Your browser is no longer supported. For the best experience of this website, please upgrade to a newer version or another browser.

Your browser appears to have cookies disabled. For the best experience of this website, please enable cookies in your browser

We'll assume we have your consent to use cookies, for example so you won't need to log in each time you visit our site.
Learn more

Pandora ups green status with new recycling and crafting facility

International jewellery brand Pandora has taken strides to improve its ‘green’ production profile by adding recycling and crafting facilities to its new Thailand-based production house.

Pandora commissioned an independent environmental study to discover how it could reduce its impact on the environment, while also meeting consumer demand for ethical jewellery. The results showed that the “impact on nature can be reduced to less than 5% when using recycled gold and silver rather than the mined alternative,” according to a media release. Similar results were gleaned when referring to cubic zirconia or man-made stones in comparison to mined diamonds.

The results are said to be “encouraging” for Pandora, which already uses 90% recycled silver and 80% recycled gold in its manufacturing.

In the coming weeks, Pandora is scheduled to open its new crafting facility in Lamphun, Northern Thailand. It has been described as “one of the most modern and environmentally up-to-date jewellery crafting facilities in the world”.

Pandora Group Ethics vice president, Claus Teilmann Petersen, commented: “This is the first time that comprehensive research has put a price tag on the difference between mined and recycled gold and silver as well as mined stones versus man-made stones. These findings encourage us to increase our focus on how we can further improve our green profile.

“All human activities affect the world around us. Pandora produces around 122 million pieces of jewellery every year. By focusing on recycled precious metals and cubic zirconia, our impact on the planet is only a fraction of what it could be.”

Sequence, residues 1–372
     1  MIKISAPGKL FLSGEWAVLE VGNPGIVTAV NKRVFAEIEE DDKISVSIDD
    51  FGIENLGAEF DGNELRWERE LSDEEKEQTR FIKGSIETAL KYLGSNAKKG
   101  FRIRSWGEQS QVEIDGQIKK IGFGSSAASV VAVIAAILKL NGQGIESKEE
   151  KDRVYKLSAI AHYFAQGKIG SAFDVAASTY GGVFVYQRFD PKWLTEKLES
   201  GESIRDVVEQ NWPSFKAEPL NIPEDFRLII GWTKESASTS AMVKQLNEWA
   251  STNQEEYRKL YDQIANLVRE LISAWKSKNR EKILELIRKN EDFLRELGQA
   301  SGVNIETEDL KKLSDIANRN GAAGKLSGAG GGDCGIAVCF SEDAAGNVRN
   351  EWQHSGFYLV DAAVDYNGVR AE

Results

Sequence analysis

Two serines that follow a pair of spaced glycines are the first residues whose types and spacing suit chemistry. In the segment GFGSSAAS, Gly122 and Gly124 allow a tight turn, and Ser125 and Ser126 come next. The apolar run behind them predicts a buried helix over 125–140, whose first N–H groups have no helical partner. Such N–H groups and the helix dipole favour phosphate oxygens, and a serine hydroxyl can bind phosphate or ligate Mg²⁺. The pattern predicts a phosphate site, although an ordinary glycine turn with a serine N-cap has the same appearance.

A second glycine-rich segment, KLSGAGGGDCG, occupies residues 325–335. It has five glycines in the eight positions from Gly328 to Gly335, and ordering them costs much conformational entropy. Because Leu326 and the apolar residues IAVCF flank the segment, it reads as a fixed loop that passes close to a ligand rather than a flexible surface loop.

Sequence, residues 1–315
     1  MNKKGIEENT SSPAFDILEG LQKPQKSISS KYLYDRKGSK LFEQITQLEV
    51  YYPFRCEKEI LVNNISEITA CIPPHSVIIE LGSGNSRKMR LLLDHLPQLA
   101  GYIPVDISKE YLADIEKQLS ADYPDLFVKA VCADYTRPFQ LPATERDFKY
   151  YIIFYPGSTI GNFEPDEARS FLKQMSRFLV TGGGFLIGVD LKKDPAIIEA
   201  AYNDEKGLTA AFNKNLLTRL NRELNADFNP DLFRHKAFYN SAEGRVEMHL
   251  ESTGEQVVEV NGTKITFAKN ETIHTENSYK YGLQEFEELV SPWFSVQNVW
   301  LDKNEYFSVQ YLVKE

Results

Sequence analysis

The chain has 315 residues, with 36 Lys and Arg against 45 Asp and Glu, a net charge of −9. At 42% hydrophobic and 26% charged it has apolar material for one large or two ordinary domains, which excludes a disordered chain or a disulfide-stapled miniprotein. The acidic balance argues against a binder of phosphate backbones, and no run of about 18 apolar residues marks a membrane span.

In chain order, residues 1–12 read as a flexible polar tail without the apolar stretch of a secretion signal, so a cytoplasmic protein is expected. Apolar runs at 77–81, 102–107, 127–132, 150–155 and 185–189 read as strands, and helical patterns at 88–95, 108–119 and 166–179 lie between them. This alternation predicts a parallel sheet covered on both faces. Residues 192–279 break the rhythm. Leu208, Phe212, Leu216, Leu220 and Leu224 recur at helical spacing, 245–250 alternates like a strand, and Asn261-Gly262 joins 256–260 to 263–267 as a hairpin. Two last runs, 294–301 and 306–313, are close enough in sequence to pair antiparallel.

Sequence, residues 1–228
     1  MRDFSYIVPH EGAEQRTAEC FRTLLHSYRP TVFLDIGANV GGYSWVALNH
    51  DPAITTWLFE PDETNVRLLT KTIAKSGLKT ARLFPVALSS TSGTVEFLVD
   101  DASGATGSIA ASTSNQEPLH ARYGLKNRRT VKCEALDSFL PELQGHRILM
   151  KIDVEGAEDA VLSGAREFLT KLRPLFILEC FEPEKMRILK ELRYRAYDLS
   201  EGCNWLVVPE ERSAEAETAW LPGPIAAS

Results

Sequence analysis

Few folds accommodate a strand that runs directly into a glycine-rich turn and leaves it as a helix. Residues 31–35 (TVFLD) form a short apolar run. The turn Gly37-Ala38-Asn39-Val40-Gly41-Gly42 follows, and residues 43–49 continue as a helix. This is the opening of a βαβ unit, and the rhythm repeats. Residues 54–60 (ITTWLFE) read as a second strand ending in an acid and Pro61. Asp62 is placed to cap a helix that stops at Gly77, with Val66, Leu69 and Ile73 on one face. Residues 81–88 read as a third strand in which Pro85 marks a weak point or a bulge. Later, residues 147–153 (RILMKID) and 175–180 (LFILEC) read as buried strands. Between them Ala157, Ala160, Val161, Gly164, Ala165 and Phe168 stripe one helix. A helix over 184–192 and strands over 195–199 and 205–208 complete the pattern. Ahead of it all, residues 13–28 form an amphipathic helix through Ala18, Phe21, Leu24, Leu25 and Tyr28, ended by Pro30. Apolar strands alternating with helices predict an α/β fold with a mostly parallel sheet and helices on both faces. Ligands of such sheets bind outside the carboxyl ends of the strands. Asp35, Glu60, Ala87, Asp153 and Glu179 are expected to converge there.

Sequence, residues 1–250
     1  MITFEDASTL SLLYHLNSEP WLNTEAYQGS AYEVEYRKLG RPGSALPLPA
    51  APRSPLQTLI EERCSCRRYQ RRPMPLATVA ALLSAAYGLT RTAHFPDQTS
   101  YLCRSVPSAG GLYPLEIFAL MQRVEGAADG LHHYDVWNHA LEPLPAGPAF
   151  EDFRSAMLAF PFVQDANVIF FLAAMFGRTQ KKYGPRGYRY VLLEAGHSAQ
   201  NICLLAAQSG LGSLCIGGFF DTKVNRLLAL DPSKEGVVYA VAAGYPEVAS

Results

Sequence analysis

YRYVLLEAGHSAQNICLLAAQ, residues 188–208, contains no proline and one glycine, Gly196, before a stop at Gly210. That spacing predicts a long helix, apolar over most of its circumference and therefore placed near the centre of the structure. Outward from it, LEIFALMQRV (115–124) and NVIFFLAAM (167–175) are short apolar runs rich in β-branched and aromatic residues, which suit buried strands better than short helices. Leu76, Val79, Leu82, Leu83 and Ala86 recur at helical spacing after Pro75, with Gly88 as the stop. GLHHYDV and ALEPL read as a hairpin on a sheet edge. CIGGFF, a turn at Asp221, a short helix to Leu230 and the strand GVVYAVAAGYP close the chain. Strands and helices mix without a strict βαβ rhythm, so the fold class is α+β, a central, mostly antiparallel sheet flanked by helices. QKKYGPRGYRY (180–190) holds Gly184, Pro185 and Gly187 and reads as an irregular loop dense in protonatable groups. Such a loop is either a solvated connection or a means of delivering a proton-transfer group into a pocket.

Teilmann Petersen added: “Our new facility has earned the LEED (Leadership in Energy and Environmental Design) certificate. This has been achieved by a strong focus on the environment for example by choosing low impact, often recycled, building materials and by recycling a large part of the construction waste. When in operation, water and energy consumption is reduced to a minimum, among other things through a highly efficient water recycling system.”

Similarly, the Pandora global office in Copenhagen is powered by wind energy and onsite solar panels, securing its own LEED certification. A new environmentally-friendly site at the brand’s Gemopolis site in Bangkok, is also due for completion in 2018.

 

Have your say

You must sign in to make a comment

Please remember that the submission of any material is governed by our Terms and Conditions and by submitting material you confirm your agreement to these Terms and Conditions.

Links may be included in your comments but HTML is not permitted.

Comments that promote commercial services without adding substantively to the discussion will be removed.